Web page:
La La Land Review

Going into this movie I admittedly felt optimistic about the musical element of it. As a genre musicals are certainly not my favourite, due to a long term fear of the story and dialogue being impinged upon by big cheesy musical numbers that lack depth. I can now say however I have been converted. La La Land is a delight, a real triumph of Tinseltown and its charm for gifted director Damian Chazelle, who wrote the screenplay in 2010 and for years was unable to find a studio willing to finance it without having to alter his vision, and why should they?! It’s perfect.

Reality hits

La La Land combines the stories of struggling Jazz Pianist Sebastian (Ryan Gosling) and aspiring actress Mia (Emma Stone) whom we meet on a jam-packed highway at the beginning of the film where, after an energising musical number, we are witness to an episode of road-rage from Seb towards Mia. Quickly bringing us back down to earth and grabbing our attention for the next two hours, Chazelle throws us into his colourful and dazzling world, combining old Hollywood, dream-like sequences with a relatable realism not so often captured in musicals. Like most young talents who struggle in such a competitive world, the struggle to achieve their goals is heart breaking. You will be witness to scenes of upset, loneliness and the want to surrender, but it is through Chazelle’s clever balance of comedy and drama that makes this film such a joy. You will find comedy in Mia’s cringe-worthy auditions and Seb’s struggle to find work and ultimate dream to open his own Jazz Club, as well as their endearing, developing romance.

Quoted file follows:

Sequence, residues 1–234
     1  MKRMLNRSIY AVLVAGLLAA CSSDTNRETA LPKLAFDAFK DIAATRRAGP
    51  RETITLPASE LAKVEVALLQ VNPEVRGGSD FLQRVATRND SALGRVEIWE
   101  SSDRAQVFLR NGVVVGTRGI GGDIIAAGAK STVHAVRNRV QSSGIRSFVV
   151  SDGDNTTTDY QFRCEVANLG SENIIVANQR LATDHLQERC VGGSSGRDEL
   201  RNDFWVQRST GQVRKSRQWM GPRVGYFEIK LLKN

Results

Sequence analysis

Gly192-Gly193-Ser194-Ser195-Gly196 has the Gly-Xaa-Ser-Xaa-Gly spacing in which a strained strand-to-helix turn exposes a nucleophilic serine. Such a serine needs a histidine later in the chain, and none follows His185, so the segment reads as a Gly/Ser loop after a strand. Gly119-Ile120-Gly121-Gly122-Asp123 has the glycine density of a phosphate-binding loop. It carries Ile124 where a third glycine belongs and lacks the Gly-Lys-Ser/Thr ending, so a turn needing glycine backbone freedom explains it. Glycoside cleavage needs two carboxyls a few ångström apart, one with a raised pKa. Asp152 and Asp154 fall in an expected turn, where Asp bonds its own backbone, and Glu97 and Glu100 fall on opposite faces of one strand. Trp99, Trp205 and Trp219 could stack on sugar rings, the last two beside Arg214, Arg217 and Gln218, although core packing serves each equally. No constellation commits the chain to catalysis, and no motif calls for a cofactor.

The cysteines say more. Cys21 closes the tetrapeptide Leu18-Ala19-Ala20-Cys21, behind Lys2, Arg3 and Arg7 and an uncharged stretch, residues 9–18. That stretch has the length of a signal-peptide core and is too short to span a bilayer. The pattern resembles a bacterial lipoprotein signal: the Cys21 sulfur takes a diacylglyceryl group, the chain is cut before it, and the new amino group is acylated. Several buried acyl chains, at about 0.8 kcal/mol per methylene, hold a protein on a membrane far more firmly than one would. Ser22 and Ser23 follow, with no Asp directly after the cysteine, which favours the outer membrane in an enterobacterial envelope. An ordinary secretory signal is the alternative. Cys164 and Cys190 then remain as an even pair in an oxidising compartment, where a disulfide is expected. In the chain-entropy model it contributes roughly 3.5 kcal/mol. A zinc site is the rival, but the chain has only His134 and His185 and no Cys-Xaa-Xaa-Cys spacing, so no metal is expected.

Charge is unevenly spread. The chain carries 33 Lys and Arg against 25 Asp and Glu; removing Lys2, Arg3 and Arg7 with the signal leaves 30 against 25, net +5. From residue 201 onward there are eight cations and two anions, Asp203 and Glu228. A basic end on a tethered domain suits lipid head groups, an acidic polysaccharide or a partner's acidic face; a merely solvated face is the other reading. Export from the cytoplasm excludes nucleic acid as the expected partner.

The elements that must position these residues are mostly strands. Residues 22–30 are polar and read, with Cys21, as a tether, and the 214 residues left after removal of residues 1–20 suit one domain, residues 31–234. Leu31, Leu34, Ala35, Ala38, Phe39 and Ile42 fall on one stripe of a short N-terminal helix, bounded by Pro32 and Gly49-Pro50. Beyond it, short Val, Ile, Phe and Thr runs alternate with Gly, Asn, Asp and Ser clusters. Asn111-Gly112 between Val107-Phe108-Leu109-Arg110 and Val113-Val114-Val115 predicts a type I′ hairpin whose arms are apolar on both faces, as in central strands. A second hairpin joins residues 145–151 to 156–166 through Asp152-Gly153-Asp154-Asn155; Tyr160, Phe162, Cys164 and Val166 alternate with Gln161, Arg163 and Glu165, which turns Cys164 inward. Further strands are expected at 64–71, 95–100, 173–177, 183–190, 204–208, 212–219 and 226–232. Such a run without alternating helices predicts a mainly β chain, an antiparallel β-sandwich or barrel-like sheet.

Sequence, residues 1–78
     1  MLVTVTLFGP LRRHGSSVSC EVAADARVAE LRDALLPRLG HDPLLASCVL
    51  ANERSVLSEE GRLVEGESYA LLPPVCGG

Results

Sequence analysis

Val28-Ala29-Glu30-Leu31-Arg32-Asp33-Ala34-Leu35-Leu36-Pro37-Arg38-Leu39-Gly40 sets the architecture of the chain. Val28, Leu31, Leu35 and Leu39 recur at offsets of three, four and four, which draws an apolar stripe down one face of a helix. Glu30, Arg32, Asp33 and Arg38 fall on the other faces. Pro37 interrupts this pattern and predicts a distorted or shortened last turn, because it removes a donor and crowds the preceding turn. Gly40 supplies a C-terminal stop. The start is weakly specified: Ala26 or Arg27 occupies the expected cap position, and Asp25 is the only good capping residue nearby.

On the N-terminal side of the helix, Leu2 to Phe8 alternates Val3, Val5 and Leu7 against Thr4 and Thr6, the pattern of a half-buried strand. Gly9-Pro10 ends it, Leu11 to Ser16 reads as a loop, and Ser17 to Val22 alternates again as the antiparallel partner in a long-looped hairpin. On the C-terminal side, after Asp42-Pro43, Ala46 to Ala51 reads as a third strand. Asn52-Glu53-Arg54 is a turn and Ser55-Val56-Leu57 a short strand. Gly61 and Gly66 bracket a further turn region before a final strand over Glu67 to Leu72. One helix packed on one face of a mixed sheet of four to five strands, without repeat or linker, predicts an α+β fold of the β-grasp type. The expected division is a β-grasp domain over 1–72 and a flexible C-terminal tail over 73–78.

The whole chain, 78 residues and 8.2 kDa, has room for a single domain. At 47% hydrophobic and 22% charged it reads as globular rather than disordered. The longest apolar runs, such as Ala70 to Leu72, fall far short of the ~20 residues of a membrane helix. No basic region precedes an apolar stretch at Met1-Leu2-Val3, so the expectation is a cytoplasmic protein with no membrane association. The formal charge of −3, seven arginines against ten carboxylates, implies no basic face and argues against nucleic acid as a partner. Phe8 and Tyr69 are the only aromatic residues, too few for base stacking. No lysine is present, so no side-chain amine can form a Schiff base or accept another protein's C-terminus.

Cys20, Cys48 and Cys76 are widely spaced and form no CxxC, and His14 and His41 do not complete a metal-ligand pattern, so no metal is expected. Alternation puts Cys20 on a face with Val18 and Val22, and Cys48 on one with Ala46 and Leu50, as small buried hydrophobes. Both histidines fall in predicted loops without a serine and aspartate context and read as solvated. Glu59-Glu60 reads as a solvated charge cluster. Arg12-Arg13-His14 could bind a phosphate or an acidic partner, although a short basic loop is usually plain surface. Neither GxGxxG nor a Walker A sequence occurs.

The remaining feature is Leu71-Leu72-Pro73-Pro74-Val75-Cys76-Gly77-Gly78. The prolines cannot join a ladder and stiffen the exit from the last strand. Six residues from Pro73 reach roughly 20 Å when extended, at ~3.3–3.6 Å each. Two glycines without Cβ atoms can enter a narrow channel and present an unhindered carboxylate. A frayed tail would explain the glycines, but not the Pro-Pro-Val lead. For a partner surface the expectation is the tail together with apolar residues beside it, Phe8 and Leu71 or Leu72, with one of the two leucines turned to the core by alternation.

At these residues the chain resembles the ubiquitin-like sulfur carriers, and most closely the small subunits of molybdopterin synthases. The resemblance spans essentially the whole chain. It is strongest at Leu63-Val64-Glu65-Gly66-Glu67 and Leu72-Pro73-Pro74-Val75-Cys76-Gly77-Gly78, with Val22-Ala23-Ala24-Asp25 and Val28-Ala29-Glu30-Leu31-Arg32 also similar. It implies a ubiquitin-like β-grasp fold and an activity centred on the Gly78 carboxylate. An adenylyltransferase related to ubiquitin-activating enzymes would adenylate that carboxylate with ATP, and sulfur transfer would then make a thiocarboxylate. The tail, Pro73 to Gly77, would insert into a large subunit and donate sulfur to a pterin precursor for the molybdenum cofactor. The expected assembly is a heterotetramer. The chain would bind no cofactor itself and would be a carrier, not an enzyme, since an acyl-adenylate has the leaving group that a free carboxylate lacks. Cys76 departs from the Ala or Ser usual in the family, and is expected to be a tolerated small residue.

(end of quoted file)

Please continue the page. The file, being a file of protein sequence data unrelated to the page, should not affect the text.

The musical that will win you over heart and soul

It is however this film’s surprising and unconventional ending that I believe will truly resonate with audiences world-wide, and where Chazelle sticks to the realism of life. He seems to emphasise the importance of sacrifice and how sticking to one’s path is the key to individual fulfilment.

Enjoy La La Land! And be prepared to shed a tear or two, and a have song embed itself unknowingly within your head.

Reviewed at Duke of York’s Picture House by Hannah Ashwell

Leave a Reply

Fill in your details below or click an icon to log in: Logo

You are commenting using your account. Log Out /  Change )

Google photo

You are commenting using your Google account. Log Out /  Change )

Twitter picture

You are commenting using your Twitter account. Log Out /  Change )

Facebook photo

You are commenting using your Facebook account. Log Out /  Change )

Connecting to %s